A former history professor, Tom Miller
is a novelist and essayist. His most recent
novel is Full
Court Press (2000). His reviews
and essays have appeared in numerous books,
journals, and newspapers, including The
Encyclopedia of Southern History, American
History Illustrated, the Chicago
Tribune, and the Des Moines Register.
He also is a former Army officer and Vietnam
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Review by Tom Miller
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Korea is the Rodney Dangerfield of America's wars. Limited and inconclusive, it was destined to huddle in the shadow of World War II. Vietnam was similarly limited and inconclusive, but it played out in America's living rooms every evening and that made all the difference -- pushing Korea deeper into the recesses of national consciousness. What finally rescued the Korean War from obscurity was an irreverent (and anti-war) comedy from Robert Altman, M*A*S*H. Set in a mobile army hospital in Korea, the film premiered in 1970, and fueled by the growing anti-war backlash against Vietnam, became a popular and critical sensation. So popular, in fact, that it spawned one of the longest-running television series in history. The Korean War was on weekly TV and back on the map.
M*A*S*H fueled a renewed interest in America's "forgotten war" that eventually led to the creation of a Korean War Veterans Memorial on the National Mall in Washington, D.C. Although there was an increase in the number of books published on the War, publishers (and readers) continued to favor World War II and Vietnam. Korea is no longer "forgotten," but it seems destined to always remain on the periphery.
Happily in the case of Korean War literature, diminished quantity does not mean lesser quality. With room for only ten selections on this list, there were many more deserving titles excluded than included. As always, my selections were guided by a couple of simple criteria: 1) with so few choices, general accounts tended to trump specific studies, and 2) intelligent and engaging always trumped intelligent and difficult. If you think we've missed something indispensable -- and surely we have -- let us know. With those caveats, apologies, and disclaimers, I give you the Top Ten Korean War Books (in alphabetical order):
Breakout: The Chosin Reservoir Campaign, Korea 1950, by Martin Russ
This controversial but riveting account of the Chosin Reservoir debacle is told by a Marine participant who pointedly disparages Douglas MacArthur and the Army. Russ moves seamlessly among American, Korean, and Chinese perspectives in telling a story of arrogance and ineptitude among the brass and misery, courage, and perseverance among the troops.
Colder Than Hell: A Marine Rifle Company at Chosin Reservoir, by Joseph R. Owen
The one word that seems to be used most often in describing the Korean War is "cold." Marine lieutenant Owen's memoir vividly relates how Marines on the front lines at Chosin fought and endured in temperatures that approached 25 degrees below zero.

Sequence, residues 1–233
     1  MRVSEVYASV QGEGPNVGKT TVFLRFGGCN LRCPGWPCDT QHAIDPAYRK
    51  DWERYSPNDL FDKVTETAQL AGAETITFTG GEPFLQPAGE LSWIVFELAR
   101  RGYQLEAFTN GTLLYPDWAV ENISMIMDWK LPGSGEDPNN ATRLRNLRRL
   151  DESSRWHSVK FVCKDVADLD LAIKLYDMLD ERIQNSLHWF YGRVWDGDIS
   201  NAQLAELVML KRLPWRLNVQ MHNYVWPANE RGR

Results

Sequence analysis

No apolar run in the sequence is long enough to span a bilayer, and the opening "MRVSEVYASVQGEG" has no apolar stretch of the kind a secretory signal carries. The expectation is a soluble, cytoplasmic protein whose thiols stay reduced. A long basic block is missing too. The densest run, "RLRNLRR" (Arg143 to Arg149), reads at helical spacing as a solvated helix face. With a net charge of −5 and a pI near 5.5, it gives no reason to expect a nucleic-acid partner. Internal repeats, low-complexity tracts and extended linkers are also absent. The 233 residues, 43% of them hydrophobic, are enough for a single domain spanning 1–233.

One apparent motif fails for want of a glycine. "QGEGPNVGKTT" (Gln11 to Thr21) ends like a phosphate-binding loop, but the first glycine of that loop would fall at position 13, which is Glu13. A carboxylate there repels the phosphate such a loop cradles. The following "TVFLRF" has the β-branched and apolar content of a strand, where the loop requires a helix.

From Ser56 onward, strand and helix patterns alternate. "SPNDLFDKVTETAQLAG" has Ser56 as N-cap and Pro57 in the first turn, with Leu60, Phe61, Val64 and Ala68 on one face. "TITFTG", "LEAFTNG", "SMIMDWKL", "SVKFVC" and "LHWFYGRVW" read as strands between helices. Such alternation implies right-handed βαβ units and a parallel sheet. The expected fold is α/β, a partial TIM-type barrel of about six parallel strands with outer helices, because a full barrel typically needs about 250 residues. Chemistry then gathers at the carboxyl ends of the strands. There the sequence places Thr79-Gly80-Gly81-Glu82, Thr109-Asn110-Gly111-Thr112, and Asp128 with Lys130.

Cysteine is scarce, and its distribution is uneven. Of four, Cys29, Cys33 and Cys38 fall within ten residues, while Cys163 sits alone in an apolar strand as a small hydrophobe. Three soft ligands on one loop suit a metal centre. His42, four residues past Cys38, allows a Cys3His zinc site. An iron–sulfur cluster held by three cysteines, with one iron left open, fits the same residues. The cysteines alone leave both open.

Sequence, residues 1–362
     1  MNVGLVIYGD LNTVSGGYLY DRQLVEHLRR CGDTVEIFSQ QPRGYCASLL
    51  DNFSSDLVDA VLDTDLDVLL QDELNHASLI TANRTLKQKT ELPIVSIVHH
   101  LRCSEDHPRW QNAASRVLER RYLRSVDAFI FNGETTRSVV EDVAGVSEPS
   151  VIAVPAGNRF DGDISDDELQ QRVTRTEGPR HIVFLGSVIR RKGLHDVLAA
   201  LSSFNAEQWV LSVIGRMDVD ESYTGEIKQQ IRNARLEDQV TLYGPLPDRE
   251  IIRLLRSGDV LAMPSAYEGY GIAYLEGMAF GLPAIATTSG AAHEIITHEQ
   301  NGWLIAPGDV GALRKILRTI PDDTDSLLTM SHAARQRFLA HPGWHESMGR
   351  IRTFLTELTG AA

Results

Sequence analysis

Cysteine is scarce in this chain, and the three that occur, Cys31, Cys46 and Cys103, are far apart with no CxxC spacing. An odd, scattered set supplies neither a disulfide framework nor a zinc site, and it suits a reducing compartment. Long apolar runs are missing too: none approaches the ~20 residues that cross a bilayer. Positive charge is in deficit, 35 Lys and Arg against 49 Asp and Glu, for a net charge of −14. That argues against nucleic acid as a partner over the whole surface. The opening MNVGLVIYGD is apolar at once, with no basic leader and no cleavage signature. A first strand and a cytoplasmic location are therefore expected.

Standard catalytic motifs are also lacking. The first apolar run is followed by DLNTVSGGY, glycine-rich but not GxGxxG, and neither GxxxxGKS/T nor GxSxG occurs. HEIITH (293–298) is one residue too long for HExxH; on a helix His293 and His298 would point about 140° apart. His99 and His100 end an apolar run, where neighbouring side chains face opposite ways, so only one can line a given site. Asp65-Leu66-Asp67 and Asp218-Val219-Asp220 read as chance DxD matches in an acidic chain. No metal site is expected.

The Coldest War: A Memoir of Korea, by James Brady
Another Marine veteran, Brady's memoir is most compelling when he relates the progress of his on-the-job-training as a combat leader. He also offers insights into the relations between officers and enlisted Marines and the differences between Marines and soldiers. Brady has written extensively about the Marines including the well-received novel The Marines of Autumn: A Novel of the Korean War and the forthcoming (April) The Scariest Place in the World: A Marine Returns to North Korea.
East of Chosin: Entrapment and Breakout in Korea, 1950, by Roy Edgar Appleman
Chosin gets a lot of attention and rightly so. It was a pivotal battle and an epic catastrophe. Appleman focuses on the fate of the 7th Division task force surrounded by the Chinese at Chosin. "It would be hard," the author notes, "to find a more nearly hopeless or more tragic story in American military history."
The Forgotten War: America in Korea, 1950-1953, by Clay Blair, Jr.
An exhaustive study of military decision-making in Korea. Blair, a respected military writer, is critical of President Truman and harshly critical of MacArthur.
The Hunters, by James Salter
An accomplished novelist and Korean War pilot, Salter captures the essence of aerial warfare as few have. Often compared to Hemingway's war writing, The Hunters ranks among the very best Korean War literature.
The Last Parallel: A Marine's War Journal, by Martin Russ
This is Marine Russ's (see above) memoir of Korea. Told from the perspective of the grunt -- with scant notice of the larger geopolitical picture -- this is perhaps the most colorful and the best memoir of the war.
The Price of Courage, by Curt Anders
Grim and desperate -- like war itself -- this is an overlooked novel of the Korean conflict. Anders, an infantry officer in Korea, gives the reader combat in all its fear and confusion. Plain-spoken and unsentimental, it deserves to be a classic.
This Kind of War, by T. R. Fehrenbach
The classic history of the Korean War. Col. Fehrenbach's study has been on several Army Chiefs of Staff's list of recommended reading.
We Were Innocents: An Infantryman in Korea, by William D. Dannenmaier
A compelling personal account of the author's transformation from an innocent youth to a warrior. Dannenmaier illuminates with wit and warmth an odyssey that millions of youth have traveled.
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